The issue is most relevant for structures likely to be governed by drift rather than strength; that is, tall flexible structures with high R values, such as special moment-resisting frames. ASCE 7-05 Table 12.2-1 includes three moment frame systems permitted for use in buildings taller than 65 feet in seismic design categories D through F. For each of these, Cd/R = 5.5/8 = 0.69, so the design requirement is consistent with the UBC’s 0.7 value.
However, for the seven other similarly permitted systems in ASCE 7-05 with R of 8, the ratio of Cd/R ranges from 0.50 to 0.81. (If systems with R as low as 5 are included, the ratio ranges from 0.5 to 1.0.) There are also some clear inconsistencies. For example, dual systems with special concentrically braced frames are to be designed for 81% of the elastic drift, but dual systems with eccentrically braced frames need design for only 50%. It is not clear why the Cd/R ratios for these two systems should be so different, and on opposite sides of the 70% value for special moment frames.
The height limits imposed by ASCE 7-05 Table 12.2-1, particularly in high seismic areas, are intended as checks on the judgmentally assigned design parameters. That is, since the design parameters were based largely on judgment and supported by limited post-earthquake observations, in lieu of exhaustive analysis or testing, it was important to the code developers to restrict certain systems to the range of application with which they were familiar. For example, ATC 3-06 notes that "the lack of reliable data on the behavior of high-rise buildings whose structural systems involve shear walls or braced frames makes it convenient at present to establish some limits." The current 65-foot limits on light-framed and timber systems also reflect the limits of practical experience.
The basic limit for non-moment-resisting frame systems in ASCE 7-05 is 160 feet, a value established by the first Blue Book to supplement an earlier Los Angeles code requirement for buildings taller than 13 stories. A height limit of 13 stories, approximately 150 or 160 feet, was imposed by Los Angeles zoning regulations since approximately the early-1900s. A variance was granted for the 1928 Los Angeles City Hall, at 454 feet, the tallest building in California until 1964. Several buildings in downtown Los Angeles were constructed to the 13-story zoning cap in the first half of the twentieth century and called "limit-height" buildings. In 1943, "the City of Los Angeles introduced an innovative seismic code that related the seismic coefficient to the flexibility of the building - the first such code in the United States and among the first anywhere." (Berg 1983, p. 26) This "dynamic" equivalent static lateral force formula was written in such a way that the calculation only worked for a building up to 13 stories in height - because none taller was allowed in that jurisdiction. When the zoning-based height limit of Los Angeles was abolished in the 1950s, California structural engineers faced a dilemma in the development of seismic requirements for taller high-rises. Some engineers favored requiring moment-frame structures in buildings less than 160-feet tall; but others felt older buildings of a given height not conforming to the revised seismic regulations could be automatically considered deficient and obsolete.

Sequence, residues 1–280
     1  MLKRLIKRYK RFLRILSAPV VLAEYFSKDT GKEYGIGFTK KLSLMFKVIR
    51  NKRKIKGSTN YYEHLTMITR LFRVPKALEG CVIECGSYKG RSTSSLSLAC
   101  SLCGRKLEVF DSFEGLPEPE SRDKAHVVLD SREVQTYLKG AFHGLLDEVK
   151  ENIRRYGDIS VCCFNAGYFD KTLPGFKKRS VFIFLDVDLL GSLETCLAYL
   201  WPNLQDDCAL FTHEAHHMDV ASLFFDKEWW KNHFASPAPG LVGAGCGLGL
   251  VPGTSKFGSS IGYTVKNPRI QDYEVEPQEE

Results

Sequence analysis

Thus, the 160-foot limit has its origins in this Los Angeles city planning experience rather than an explicit seismic design rationale. The first Blue Book commentary noted clearly "the limitations of 13 stories and 160 feet have been established arbitrarily and are subject to further study." When ATC 3-06 revisited the system table, it retained the 160-foot limit for high seismic areas, as well as the note that its limiting values were "arbitrary, and considerable disagreement exists … regarding [their] adequacy." (ATC 1978).